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Helping Kids Weather Divorce

Research into helping families cope with divorce is finally bearing fruit, but some governments continue funding unproven programs.

To stave off emotional problems children face stemming from divorce, psychologists have spent the past two decades developing a handful of prevention programs and running them through the experimental wringer. Despite successes in dozens of cities and counties, most have yet to expand on a large scale.

"We have programs that make a difference in the lives of children. The next frontier — which we're not as good at — is moving them out to the public," said Arizona State University professor Irwin Sandler.

There is a large public out there — every year 1.5 million children live through a divorce, which ends about 50 percent of U.S. marriages.

Studies have documented what most Americans know: Parental conflict is rough on kids. It hampers young children's social and emotional growth, and adolescents may engage in negative behaviors, from truancy to alcohol use to suicide. Yet many still aren't aware that children of divorce may carry the burden of stresses that develop into serious psychological scars.

"I worry when I hear, ‘They're little; they're kids; they're resilient; they'll get over it.' Children are not automatically resilient because of their youth. Resilience comes from support," Children's Institute researcher JoAnne Pedro-Carroll told a joint American Bar Association-American Psychological Association panel on the topic in Chicago last week.

Pedro-Carroll is among a handful of psychologists who have worked to transform the literature on coping with divorce into programs that provide such support via schools and courts. Hundreds of thousands of kids worldwide have participated in her Children of Divorce Intervention Program, which uses play activities such as puppetry and role-playing to help children express and manage their feelings. Kids who participate exhibit less anxiety and worries after the program; they also possess a greater ability to solve personal problems.

Other programs focus on teaching divorcing parents to take better care of their kids. One such project at Arizona State, New Beginnings, has shown positive mental health effects for children as many as six years after their parents completed the course.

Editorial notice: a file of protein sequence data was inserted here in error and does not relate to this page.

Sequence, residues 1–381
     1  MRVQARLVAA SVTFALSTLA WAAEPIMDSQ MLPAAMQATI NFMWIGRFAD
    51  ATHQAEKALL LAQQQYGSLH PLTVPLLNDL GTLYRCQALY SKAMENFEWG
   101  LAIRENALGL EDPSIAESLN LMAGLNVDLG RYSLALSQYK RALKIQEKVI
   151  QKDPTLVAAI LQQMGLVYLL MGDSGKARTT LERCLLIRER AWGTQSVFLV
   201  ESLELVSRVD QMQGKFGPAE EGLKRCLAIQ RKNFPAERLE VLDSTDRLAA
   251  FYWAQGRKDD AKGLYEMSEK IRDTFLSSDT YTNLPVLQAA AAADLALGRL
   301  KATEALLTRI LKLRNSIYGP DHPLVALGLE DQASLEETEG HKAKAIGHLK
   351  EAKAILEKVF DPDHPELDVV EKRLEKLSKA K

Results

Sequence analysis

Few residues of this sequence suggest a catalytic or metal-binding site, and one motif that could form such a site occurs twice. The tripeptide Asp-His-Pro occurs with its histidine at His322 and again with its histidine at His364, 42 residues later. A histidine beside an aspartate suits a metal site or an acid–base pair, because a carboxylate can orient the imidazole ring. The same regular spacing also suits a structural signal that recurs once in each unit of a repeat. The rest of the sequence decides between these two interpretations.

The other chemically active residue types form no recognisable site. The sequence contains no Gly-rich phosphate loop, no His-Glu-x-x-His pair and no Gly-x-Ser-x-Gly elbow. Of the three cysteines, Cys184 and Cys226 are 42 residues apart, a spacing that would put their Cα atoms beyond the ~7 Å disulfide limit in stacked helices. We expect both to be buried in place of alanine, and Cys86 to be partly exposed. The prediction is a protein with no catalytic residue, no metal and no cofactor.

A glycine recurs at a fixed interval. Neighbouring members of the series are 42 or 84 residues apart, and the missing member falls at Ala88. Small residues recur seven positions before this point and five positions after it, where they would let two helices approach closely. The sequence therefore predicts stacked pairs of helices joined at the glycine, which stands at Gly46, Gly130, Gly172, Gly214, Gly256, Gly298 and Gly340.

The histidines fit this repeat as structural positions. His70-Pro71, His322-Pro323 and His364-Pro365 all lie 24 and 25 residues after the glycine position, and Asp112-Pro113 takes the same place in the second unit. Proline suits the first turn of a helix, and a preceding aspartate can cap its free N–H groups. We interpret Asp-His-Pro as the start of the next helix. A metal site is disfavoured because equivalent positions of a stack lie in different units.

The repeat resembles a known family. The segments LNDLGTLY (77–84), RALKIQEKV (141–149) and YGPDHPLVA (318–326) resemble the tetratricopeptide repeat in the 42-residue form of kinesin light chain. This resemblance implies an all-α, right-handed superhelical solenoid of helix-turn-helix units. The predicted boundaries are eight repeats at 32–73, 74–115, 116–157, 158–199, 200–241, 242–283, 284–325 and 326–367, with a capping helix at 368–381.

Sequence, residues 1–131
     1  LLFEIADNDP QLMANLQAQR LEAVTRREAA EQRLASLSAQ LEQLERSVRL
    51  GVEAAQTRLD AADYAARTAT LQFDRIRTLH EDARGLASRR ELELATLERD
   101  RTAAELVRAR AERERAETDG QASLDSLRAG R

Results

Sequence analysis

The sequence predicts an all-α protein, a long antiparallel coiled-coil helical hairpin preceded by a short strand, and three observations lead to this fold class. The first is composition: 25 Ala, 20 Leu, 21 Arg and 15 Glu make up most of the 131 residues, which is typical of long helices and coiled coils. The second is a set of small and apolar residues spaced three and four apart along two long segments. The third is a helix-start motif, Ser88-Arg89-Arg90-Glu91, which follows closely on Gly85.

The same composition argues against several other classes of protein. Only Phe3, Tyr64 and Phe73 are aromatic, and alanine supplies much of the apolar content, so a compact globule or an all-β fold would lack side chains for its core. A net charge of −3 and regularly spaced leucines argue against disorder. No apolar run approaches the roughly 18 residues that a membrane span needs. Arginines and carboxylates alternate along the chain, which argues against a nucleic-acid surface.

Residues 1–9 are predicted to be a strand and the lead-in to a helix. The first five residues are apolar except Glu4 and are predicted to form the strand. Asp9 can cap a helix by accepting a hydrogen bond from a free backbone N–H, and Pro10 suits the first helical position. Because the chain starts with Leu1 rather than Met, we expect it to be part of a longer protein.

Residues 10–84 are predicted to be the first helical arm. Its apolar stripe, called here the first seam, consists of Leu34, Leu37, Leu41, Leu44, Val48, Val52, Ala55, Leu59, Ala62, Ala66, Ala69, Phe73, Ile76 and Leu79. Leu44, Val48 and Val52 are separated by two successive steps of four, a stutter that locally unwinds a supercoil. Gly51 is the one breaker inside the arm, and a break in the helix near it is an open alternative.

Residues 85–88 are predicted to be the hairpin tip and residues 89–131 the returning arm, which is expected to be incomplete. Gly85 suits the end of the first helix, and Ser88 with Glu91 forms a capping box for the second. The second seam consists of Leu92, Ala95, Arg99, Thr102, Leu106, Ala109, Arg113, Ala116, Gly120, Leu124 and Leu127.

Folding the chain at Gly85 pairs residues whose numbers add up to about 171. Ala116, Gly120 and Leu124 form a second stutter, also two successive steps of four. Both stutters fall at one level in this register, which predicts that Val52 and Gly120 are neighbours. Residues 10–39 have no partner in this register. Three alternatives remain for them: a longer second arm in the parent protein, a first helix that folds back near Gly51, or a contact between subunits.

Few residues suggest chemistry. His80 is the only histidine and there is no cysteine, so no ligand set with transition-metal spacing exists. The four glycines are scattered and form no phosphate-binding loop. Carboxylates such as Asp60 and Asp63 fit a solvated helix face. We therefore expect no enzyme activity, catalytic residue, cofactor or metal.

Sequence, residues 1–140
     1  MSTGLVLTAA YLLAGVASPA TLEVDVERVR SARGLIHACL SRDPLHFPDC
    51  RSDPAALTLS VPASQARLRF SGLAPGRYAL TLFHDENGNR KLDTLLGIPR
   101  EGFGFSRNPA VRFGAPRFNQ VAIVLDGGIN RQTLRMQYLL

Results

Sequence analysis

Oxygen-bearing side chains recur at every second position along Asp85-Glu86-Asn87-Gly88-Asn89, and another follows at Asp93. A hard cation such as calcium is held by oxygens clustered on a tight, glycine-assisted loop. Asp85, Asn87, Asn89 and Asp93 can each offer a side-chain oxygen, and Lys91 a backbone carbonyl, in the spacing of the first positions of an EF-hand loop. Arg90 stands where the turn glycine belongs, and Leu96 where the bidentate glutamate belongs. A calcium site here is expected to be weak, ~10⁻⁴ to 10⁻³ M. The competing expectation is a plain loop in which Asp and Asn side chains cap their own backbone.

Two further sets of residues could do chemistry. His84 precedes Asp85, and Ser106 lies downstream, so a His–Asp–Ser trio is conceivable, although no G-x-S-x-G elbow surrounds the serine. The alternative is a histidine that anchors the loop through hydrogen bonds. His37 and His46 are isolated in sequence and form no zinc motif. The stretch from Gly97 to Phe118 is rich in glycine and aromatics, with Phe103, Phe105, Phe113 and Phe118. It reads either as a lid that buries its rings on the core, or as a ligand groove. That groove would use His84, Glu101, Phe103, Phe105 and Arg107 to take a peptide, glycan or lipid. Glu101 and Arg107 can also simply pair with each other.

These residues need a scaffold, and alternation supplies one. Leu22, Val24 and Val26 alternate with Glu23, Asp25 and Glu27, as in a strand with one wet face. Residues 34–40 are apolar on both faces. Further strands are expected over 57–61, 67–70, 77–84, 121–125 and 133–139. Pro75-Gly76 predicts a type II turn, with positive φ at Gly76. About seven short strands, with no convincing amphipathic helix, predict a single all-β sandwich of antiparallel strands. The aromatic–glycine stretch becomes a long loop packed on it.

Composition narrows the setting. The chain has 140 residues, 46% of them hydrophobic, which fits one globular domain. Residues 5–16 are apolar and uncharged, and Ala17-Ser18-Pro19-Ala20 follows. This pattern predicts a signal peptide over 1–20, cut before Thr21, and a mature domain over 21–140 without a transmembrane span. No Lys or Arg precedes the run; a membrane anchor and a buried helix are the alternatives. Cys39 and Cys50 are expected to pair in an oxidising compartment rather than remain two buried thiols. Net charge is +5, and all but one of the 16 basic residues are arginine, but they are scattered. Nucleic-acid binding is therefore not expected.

"The ability to parent well throughout a divorce is a teachable skill," Sandler said. "It's amazing how powerful the effects of parenting are."

Attorneys, judges and court administrators have formed some partnerships with these social scientists: Arizona's Family Court has used New Beginnings within its system; Pedro-Carroll is collaborating with the judicial system in the Rochester, N.Y., area on a parent education program; and Virginia Commonwealth University professor Arnold Stolberg, a pioneer of prevention programs for children, is educating parents referred by courts around Richmond, Va.

Yet among court-mandated education programs for families undergoing a divorce, few have been rigorously tested. Many are held in a group setting, with little done to hold couples accountable for their actions as parents, and last just a few hours, compared to proven courses that last as many as 16 sessions.

The small amount of evidence on the shorter programs is mixed: Though they often lead to positive court outcomes, such as more time with children for noncustodial parents, they don't seem to help kids directly much. And unlike the well-researched, one-on-one, therapy-like sessions, they do little to help high-conflict parents identify what they're doing wrong and change their ways, Stolberg said.

"They have the same impact as driver's education programs for reckless driving," he said. "They're obligated to be there, but they don't really want to be there."

Courts don't seem to value evidence-based research as much as social scientists, but that's partly due to structure. While research psychologists may spend years testing a curriculum to find out if it works, judges and attorneys have a pressing need to deal with real people and problems immediately. Under those constraints, court systems and state legislatures may implement any program offered by the nearest psychologist, whether or not experimental results back him up, Sandler said.

Courts are also limited by money and by how much they can require of litigants. University of Louisville professor Joseph Brown designed his Families In Transition course to last 12 hours, but the courts wanted to keep the length to six hours. Some programs, such as Pedro-Carroll's Children of Divorce Intervention Program, are designed so school guidance counselors can operate them; others, like Stolberg's, rely on highly trained practitioners, and that training costs money.

Nevertheless, argue many researchers, even a program with several therapy sessions at upward of $100 per hour could save money in the long run if it keeps kids mentally healthy and out of trouble.

"I view it as a system that substantially pays for itself," Stolberg said. If he and his colleagues can prove that, they may yet broaden the reach of their programs.